Lawyers and Literature
The protagonist and narrator of Albert Camus's novel, The Fall introduces himself to a patron in an Amsterdam bar as Jean-Baptiste Clamence--"a lawyer before coming here." (p. 8). "A few years ago," says Clamence, "I was a lawyer in Paris and indeed, a rather well-known lawyer." (p. 17). And now, says Clamence, I am a "judge-penitent." (p. 8). Clamence repeats this self-description but remains rather cryptic about what he means by "judge-penitent."
To the stranger in the bar, Clamence asks, "May I, monsieur, offer my services without running the risk of intruding?" (p. 3). What services, one wonders, can this lawyer offer anyone? The bar patron does not respond, either to this question, or to any that are put to him as Clamence tells his story. Faced with the stranger's silent assent, Clamence begins what the reader begins to see is a confessional monologue. Clamence is a man who cannot stop talking, cannot stop observing his past life and reporting his observations for any and all that might listen. As Clamence, commenting on his own pathologizing, puts it, "I seize any and every opportunity." (p. 5). Clamence's intrusion on the stranger's solitude--the setting of the story is a virtually abandoned Amsterdam bar--is paralleled by Clamence's intrusion into the secure world of the reader. Bar patron and reader alike are lured into serving as an audience for Clamence's labored efforts to discover the truth about his life.
Clamence, a lawyer of "noble cases," specializes in the fortunes of "widows and orphans." (p. 17).
He is not just a lawyer trying to do good, but righteous about virtue, he is "[a] real tornado!" (p. 17).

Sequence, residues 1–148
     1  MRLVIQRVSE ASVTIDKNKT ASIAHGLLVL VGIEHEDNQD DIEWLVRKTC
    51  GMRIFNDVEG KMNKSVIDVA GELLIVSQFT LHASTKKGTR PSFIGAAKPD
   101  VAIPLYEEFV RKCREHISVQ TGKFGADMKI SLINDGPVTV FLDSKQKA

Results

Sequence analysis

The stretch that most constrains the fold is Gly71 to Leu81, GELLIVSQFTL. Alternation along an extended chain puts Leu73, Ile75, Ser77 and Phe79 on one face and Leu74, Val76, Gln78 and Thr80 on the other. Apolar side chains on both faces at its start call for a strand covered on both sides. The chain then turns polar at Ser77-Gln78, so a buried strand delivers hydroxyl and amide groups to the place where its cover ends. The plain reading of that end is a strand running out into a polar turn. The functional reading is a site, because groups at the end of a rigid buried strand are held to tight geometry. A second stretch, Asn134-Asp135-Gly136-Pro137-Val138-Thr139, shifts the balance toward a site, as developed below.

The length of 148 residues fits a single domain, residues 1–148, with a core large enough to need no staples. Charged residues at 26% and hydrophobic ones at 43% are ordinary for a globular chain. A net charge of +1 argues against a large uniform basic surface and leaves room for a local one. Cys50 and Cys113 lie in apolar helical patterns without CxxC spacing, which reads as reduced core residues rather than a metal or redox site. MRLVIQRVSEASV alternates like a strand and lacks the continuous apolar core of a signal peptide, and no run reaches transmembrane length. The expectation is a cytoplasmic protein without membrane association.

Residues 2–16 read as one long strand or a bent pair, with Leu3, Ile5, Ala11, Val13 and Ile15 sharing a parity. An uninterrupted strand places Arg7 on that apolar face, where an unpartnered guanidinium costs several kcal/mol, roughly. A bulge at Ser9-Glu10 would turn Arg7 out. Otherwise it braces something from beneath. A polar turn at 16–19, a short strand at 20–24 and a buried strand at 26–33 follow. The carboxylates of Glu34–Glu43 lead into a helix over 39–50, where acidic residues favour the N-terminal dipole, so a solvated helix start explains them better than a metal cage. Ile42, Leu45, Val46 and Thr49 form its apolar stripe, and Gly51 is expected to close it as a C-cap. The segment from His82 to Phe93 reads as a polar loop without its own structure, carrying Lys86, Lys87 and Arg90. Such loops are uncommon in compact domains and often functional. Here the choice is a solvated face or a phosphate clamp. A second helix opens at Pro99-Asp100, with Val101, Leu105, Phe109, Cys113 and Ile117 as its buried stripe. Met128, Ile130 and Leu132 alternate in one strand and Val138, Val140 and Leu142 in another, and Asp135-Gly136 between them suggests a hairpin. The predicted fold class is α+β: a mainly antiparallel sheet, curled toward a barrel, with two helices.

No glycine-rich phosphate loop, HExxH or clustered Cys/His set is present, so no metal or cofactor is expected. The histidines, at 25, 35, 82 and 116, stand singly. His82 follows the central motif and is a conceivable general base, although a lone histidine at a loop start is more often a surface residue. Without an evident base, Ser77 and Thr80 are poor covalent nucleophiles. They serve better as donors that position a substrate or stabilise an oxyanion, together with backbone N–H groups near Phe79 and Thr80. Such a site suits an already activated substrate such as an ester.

Clamence was a man with a satisfied conscience; he was what we now call "politically correct." "The feeling of the law, the satisfaction of being right, the joy of self-esteem, cher monsieur, are powerful incentives for keeping us upright or keeping us moving forward." (p. 18). Clamence reports: "I have never felt comfortable except in lofty places. Even in the details of daily life, I needed to feel above." (p. 23). Clamence contends that his life was an achievement that rose above "the vulgar ambitious man . . . to that supreme summit where virtue is its own reward." (p. 23). It is at these "heights" and "lofty places" of "supreme summits" that Clamence has staked out a life.
What could go wrong in such a life, a life defined by devotion to virtue? We know, from Clamence's introduction of himself, the locale in which his story is being told, and the way the story begins, that something has gone wrong. But before we find out how Clamence has gone astray, and for his having done so to have any emotional impact on us, we must learn what kind of person he is, something of his character, and how his efforts at virtue have been born out in the way he lives.
In the beginning, before his days in Amsterdam bars, Clamence says, "you can already imagine my satisfaction, I enjoyed my own nature to the fullest...." (p. 20). "I took pleasure in life and in my own excellence." (p. 25). It was, says Clamence, a life "lived with impunity." (p. 25). A life "shielded from judgment as from penalty...." (p. 27). There was, he says, "no intermediary between life and me" (p. 27); it was a life blessed by happiness and pleasure and contentment with lofty heights. Clamence experiences his success "[a]t every hour of the day"; he is able to constantly "scale the heights and light conspicuous fires" and experience a "joyful greeting" rise toward him. (p. 25). Clamence takes "pleasure" in his "own excellence." (p. 25).
Clamence seems overly self-conscious of his virtue, taking satisfaction in the assumptions he makes about his own good character.
It is one thing to endeavor to lead a virtuous life but quite another to glory in it. The reader begins to suspect Clamence. What kind of person proclaims his own goodness? Do those who do good and make a life of it entitle themselves to self-laudatory thoughts? Or does Clamence's self-laudation in some way undermine his proclaimed virtue? Can we claim goodness for ourselves or must we rely upon others to render judgment on our character? Clamence says enough to speculate that his devotion to virtue puts him in danger of what C.G. Jung called inflation, an overdetermined view of one's place in the world.
Before any attempt can be made to assess Clamence's claims to virtue, we must listen, painful as it may be, to Clamence tell his "inflated" story of the good life.